OperatorExampleUse this to
tropical AND island
Find files that contain both of the words "tropical" and "island" (even if those words are in different places in the file). In the case of a simple text search, this gives the same results as typing "tropical island."
tropical NOT island
Find files that contain the word "tropical," but not "island."
tropical OR island
Find files that contain either of the words "tropical" or "island."

Although the commands themselves are non-intuitive, using them is straight-forward. Simply type the appropriate command into the Windows search box, either in the Start menu or in the top-right corner of a File Manager menu. Here is an example, where we have searched for all files larger than 100MB in size in the drive C:\

Windows 7, Josh Wieder, search terms
A search example in Windows 7
There are a variety of circumstances where Windows' search implementation will fail to meet a user's needs. First and foremost, the search function is resource intensive, inaccurate and slow. Compared to Linux's `grep`, `find` and `locate` commands, Windows Search is almost laughably bad, particularly when attempting to search for strings inside of files.

There are other tools available for Windows that vastly improve on the default Windows search function. My recommendation at this time is GrepWin built by Stefan Kiing, available for download at the Google Code site.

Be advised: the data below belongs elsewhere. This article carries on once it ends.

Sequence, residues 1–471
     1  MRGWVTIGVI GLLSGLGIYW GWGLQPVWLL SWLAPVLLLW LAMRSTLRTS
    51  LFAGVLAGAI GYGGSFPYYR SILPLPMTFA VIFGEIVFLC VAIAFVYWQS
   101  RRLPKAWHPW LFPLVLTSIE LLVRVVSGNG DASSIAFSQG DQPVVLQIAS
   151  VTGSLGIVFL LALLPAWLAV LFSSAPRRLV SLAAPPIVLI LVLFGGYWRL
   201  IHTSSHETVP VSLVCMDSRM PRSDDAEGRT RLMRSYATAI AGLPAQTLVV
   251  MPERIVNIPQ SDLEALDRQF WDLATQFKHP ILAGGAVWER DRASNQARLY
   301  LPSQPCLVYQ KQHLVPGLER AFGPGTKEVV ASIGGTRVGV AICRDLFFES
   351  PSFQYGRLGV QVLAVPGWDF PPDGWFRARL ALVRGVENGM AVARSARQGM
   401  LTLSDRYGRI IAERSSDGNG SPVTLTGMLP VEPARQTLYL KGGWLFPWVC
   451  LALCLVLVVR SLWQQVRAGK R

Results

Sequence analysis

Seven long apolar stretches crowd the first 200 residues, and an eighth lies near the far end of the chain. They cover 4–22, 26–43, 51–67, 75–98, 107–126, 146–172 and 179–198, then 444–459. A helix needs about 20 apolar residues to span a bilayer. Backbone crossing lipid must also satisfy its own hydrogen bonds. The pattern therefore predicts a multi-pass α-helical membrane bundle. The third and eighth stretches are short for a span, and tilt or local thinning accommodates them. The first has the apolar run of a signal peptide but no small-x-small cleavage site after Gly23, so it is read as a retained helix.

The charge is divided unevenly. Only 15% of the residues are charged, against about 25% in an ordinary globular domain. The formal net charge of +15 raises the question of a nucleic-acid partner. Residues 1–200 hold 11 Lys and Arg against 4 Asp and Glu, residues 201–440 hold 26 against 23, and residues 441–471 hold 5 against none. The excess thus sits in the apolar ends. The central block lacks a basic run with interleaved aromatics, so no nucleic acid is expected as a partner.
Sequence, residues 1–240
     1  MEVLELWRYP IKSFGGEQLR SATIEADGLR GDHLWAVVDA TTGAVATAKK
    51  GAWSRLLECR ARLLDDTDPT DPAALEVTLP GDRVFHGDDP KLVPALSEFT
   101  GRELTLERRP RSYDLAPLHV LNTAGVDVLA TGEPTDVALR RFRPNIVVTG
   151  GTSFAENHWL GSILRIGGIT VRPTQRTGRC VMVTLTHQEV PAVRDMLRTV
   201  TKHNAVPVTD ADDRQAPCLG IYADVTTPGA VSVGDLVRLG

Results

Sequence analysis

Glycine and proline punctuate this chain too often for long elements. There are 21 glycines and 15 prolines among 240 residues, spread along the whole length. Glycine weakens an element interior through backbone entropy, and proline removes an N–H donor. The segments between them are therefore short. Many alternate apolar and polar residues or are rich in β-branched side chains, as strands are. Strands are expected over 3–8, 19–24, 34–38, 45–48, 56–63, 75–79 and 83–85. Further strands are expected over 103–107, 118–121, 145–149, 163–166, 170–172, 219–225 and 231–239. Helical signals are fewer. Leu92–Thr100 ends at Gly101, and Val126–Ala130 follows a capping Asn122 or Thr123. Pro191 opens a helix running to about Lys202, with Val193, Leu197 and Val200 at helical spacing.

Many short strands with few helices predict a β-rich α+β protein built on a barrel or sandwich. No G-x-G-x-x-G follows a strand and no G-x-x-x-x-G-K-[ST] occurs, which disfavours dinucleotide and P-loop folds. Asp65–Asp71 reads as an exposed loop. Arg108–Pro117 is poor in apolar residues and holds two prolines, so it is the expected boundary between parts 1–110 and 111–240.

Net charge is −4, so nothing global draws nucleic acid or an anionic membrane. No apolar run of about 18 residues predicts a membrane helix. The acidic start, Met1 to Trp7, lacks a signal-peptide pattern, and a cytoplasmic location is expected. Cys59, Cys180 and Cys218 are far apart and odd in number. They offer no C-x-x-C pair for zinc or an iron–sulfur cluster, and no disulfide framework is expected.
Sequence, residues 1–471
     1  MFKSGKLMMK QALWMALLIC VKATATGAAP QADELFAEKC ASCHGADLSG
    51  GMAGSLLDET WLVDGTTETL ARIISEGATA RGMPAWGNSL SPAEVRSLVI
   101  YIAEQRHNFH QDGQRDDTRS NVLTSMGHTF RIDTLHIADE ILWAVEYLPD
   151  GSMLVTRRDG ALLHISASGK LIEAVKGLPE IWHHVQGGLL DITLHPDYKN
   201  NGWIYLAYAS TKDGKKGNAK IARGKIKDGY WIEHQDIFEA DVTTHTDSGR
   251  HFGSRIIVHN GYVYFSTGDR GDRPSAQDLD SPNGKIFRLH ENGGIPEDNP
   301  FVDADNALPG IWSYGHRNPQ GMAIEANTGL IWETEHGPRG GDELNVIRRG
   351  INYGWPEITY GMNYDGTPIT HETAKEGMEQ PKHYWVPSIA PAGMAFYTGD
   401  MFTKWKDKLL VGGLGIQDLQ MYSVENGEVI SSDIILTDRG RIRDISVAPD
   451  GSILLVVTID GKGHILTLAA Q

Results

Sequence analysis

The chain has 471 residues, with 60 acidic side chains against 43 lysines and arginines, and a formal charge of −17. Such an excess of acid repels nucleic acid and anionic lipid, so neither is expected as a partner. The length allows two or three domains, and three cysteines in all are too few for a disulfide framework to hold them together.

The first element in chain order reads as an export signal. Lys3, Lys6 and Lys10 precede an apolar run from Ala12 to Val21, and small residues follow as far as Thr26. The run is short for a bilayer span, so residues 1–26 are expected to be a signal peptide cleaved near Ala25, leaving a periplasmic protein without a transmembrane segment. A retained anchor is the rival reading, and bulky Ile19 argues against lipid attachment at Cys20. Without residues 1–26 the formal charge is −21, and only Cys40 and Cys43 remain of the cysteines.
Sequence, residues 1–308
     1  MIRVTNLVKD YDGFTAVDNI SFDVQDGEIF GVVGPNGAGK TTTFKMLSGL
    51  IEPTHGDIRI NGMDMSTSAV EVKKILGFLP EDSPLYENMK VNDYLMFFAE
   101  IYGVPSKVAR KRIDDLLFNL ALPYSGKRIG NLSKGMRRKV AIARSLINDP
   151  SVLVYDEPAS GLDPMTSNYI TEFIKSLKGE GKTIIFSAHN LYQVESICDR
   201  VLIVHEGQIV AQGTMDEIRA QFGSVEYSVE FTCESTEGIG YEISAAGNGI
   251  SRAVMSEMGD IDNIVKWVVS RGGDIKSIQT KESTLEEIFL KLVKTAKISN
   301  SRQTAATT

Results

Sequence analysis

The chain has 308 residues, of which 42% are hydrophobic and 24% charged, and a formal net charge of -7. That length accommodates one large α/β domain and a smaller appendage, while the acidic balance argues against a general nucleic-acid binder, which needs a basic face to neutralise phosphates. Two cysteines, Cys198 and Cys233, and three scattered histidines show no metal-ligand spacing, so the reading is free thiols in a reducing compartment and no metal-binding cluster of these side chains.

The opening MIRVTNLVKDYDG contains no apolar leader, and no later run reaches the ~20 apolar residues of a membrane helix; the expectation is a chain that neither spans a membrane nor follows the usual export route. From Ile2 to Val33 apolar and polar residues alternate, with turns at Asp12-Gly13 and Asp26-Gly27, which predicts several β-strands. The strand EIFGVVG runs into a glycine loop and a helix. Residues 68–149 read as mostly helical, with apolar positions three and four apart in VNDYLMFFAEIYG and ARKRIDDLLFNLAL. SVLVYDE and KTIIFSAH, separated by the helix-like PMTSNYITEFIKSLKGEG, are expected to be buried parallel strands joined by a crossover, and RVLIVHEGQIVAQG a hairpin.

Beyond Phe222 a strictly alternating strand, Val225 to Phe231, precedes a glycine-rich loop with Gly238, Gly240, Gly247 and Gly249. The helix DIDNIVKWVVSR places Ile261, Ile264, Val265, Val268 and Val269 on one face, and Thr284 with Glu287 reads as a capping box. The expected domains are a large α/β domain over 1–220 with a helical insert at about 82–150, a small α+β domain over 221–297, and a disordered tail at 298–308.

GrepWin allows users to search by simple strings, operators and terms like those we described above, providing faster more accurate responses than those available from Windows' default search. In addition to basic search functionality, GrepWin also accepts regular expressions as input. While cryptic, and with a steep initial learning curve, regular expressions are incredibly powerful and a fundamental part of modern computer programming. With regular expressions, you may find specific and complex patterns from large datasets efficiently and quickly. We will almost certainly explore regular expressions in depth with their own post (or perhaps series of posts).

Thats it for now on Windows-based searching. When we return to searching in the future, we will likely spend more time on searching databases, arrays and other data structures as well as providing more theoretical explanations for file system search.